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Episode 51: Keeping Our Cool When it Matters Most with Carla Naumburg

Brief summary of show:

You know those moments of frustration that come creeping in, and the next thing you know, you’ve completely lost it on your kids?

It happens, and we know it happens, but is there a way to recover from it? This is what we’re talking about in this episode with Carla Naumburg.

Carla Naumburg, PhD, LICSW, is a clinical social worker, parenting expert, and mother. She’s the author of five non-fiction books, including her international bestseller, How to Stop Losing Your Sh*t With Your Kids (Workman, 2019), and the forthcoming You’re Not a Sh*tty

Parent and How to Stop Freaking Out, the middle-grade adaptation of How to Stop Losing Your Sh*t With Your Kids. Carla lives in Massachusetts with her husband and two daughters.

Listen in as we talk about:

  • [2:30] How to stop yourself before you lose it

  • [5:40] Tips to managing our emotions in the moment

  • [9:30] Practical things you can do to not lose it

  • [12:45]: Single-tasking vs. multitasking

  • [17:40]: How to recover after a blow up

Resources mentioned in this episode:

Notes from Natalie:

Connect with Carla

Connect with Me

View Transcript for this Episode

[00:00:00] Natalie: Hi everyone. It's Natalie. We all lose it. Sometimes we get busy, we make mistakes, we yell. Then we feel terrible about yelling. Do you relate? Well, unfortunately, this often happens around the people we love the most, our spouse, our parents, even our kids. None of us want this to happen, but when we're stressed, It just happens today.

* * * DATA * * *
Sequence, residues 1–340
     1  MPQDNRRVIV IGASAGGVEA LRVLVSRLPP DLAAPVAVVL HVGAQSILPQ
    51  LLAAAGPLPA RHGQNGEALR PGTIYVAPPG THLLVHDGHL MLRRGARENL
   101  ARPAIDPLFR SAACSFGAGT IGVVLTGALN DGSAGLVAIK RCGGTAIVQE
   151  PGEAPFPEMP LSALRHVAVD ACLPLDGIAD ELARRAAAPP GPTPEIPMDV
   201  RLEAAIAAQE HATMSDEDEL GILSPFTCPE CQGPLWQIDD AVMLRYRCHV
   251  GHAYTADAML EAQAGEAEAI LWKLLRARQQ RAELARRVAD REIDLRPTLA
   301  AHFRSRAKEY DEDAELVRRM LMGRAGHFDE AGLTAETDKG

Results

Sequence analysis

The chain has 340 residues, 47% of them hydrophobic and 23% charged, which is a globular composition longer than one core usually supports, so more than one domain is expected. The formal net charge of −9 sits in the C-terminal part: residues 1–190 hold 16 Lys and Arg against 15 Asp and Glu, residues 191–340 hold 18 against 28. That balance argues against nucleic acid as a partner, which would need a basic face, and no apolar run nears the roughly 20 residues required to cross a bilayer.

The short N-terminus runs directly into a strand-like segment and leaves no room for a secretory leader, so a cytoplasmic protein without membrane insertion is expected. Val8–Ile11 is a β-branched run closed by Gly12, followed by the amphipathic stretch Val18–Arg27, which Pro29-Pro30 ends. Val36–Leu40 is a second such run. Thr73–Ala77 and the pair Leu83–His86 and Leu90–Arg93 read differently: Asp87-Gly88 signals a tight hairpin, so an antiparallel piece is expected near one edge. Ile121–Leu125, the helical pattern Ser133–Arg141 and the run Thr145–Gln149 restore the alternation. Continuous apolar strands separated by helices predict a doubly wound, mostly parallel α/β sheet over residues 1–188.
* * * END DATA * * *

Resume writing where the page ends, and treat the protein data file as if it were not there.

[00:00:20] We're talking about keeping our cool when it matters most. And my guest is Dr. Karla. Numberg, she's a clinical social worker and author of three parenting books with a fourth on the way she works with parents day in and day out on techniques for keeping themselves together. She's a working mom and she knows how to stop those triggers from becoming blowups.

And Carla, we all know as parents and even those who aren't parents, what it feels like to be triggered and to have a meltdown. But I want to get into today how to prevent that from happening. It's like you see the whole world around you, you see it happening, but you don't know what.

[00:01:07] Carla: Yeah. I just want to start out by saying Natalie, that every single parent on the planet loses their temper with their kids, including me. And I wrote the book, right. And I lose my temper with my kids. I lose it less often now. And I recover more quickly, which is what we're going to talk about today.

[00:01:23] Um, So the first thing you asked was how do we lose it last? Was that what you asked? I lost my train of thought. Yeah. Like I